I’m getting to the panic-attack stage again. Back in the summer, I had a full-scale nervous breakdown, from all the stress that’s been piled on this year. I’m been slowly recovering my native equanimity, but it is still easily undermined.
Next week, I have to present my prospectus (dissertation proposal) to the faculty. It is a stressful prospect in the best of times; at the moment the very idea is stealing my sleep and making me hyperventilate. I am not concerned about my project, I’m very confident that is viable. I AM concerned about the general sense of discrimination I have felt at the university, and the possibility that I will remain significantly behind my cohort due to the other things going on in my life.
The discrimination has not been overt, but it has been present. In the five years I have been associated with this university, I have never been offered a TAship. I have repeatedly asked for one; I have sought out funding in other ways; I have been a good student; and now I have independently taught six classes of my own at the community college level, demonstrating my teaching proficiency. Despite this, the department has refused to fund me, giving available positions to new graduate students and consistently overlooking me.
I am convinced that the reason is my severe hearing impairment. There isn’t any other reason it could be.
While my bad hearing does make it difficult to lead group discussions, and to hear questions in a very large lecture hall, I have found ways to compensate and adjust when guiding my own classes. I’ve also been very open with students about my hearing so that they understand when I need to ask them to repeat themselves sixteen times. But the faculty – they don’t get it.
I’ll admit that I have slowly stopped being involved in campus life, stopped attending colloquiums and lectures, because of my hearing. The accommodations offered from extra-curricular events are not very useful to me, and my peers – my fellow graduate students – have been neither welcoming nor friendly. It is as if I have been invisible for five years.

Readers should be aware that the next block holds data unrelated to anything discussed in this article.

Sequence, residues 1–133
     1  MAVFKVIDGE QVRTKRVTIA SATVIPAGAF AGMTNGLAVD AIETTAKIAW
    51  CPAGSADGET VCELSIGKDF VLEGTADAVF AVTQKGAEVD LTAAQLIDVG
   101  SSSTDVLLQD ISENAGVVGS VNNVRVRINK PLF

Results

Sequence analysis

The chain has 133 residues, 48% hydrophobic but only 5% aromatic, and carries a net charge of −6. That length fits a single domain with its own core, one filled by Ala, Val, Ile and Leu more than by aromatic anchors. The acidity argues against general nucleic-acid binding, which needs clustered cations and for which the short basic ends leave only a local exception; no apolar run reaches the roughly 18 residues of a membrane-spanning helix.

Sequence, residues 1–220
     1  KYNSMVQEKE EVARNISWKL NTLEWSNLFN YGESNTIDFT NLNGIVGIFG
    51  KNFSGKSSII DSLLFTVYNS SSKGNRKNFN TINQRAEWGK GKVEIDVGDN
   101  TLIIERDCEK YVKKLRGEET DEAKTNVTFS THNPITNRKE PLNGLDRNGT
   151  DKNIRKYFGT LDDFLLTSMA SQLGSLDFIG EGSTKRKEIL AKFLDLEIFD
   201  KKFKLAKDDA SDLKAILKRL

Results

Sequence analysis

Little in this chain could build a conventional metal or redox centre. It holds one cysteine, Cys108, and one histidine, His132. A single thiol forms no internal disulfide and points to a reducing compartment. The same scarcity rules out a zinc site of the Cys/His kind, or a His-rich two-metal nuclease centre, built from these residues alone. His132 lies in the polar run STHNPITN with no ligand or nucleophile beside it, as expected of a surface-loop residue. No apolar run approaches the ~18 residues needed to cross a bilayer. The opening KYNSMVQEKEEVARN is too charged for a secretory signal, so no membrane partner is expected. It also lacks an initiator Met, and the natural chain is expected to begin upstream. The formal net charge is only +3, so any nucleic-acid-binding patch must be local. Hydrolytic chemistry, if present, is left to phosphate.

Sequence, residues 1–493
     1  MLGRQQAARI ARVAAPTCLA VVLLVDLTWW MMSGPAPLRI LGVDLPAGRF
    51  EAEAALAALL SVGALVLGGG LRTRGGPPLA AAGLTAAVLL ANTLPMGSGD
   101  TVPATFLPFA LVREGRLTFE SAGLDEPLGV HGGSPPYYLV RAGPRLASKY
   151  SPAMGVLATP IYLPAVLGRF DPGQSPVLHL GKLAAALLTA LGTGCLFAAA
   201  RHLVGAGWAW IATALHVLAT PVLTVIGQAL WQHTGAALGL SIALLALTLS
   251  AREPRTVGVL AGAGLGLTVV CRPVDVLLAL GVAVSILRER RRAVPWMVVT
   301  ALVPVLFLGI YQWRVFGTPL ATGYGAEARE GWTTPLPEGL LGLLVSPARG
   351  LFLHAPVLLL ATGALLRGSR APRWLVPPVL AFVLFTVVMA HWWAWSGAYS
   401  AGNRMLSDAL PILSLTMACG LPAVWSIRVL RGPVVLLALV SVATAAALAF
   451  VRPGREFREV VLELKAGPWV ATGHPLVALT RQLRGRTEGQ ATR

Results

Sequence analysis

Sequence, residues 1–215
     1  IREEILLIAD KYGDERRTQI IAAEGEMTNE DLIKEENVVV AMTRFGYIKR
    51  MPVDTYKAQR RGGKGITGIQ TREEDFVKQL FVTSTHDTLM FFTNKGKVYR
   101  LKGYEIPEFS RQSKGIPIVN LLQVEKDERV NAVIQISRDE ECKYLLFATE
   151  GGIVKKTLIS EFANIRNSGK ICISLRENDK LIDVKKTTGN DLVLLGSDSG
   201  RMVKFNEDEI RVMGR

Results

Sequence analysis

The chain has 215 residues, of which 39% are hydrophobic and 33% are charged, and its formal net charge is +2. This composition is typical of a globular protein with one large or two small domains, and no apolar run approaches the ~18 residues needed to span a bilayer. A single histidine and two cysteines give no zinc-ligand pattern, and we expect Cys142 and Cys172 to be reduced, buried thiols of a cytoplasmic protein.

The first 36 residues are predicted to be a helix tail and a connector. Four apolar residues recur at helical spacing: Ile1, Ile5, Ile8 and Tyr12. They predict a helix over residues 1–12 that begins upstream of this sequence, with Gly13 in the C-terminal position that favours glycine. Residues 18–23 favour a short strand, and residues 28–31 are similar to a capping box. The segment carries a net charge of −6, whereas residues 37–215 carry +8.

In my first year, I had a two-semester Latin sequence, and thus had class with the same group of people for an entire school year. Guess how many people made the effort to speak to me? 0. The rest of the class eventually formed a study group to help with their work; I heard about it months later, but was never invited to join. They would go to lunch together after class – again, no invitations. I had other seminars and courses with them: they were never friendly.
In the beginning, I made the effort to try to speak to them, to try to participate in conversations. Unfortunately for me, those efforts are not successful unless other people are willing to try to help me when I can’t hear. No matter how much I might want to, I can’t magically start understanding the words someone is saying when there is lots of background noise, or when they’re more than a few feet away from me, or if they cover their mouth with their hand, or if they speak quietly, or mumble. I can only “try harder” to be social and sociable so far; after that, people have got to try to meet me half-way.
The combination of rejection by the faculty and rejection by my peers has made it hard to keep my nose to the grindstone. It’s a rotten form of rebellion, and I would much rather finish the degree that I started, but it’s so hard to fight the uphill battle, especially when so many other issues are pulling me back down. I usually can use opposition as competition, and push myself to prove my opponents wrong about me, but this time depression, apathy, emotional turmoil are overwhelming. I don’t like how bitter I have become about my prospects of success, how pessimistic I am about my life, or how panicked I get when I think of facing everything right now. I feel alone and invisible, incapable of accomplishment, unable to see where my life is going to go from here. All of the things that I set out to do – complete the doctorate, function as a scholar, enjoy friendships, become a mother – seem like impossible dreams.
To endure – to keep going – is all I want right now. But even for endurance, I need my feet to like hinds’ feet so that I can be secure on the heights; I need my arms to be trained so that I can bend a bow of bronze. How else will I be able
To dream the impossible dream
To fight the unbeatable foe
To bear with unbearable sorrow
To run where the brave dare not go?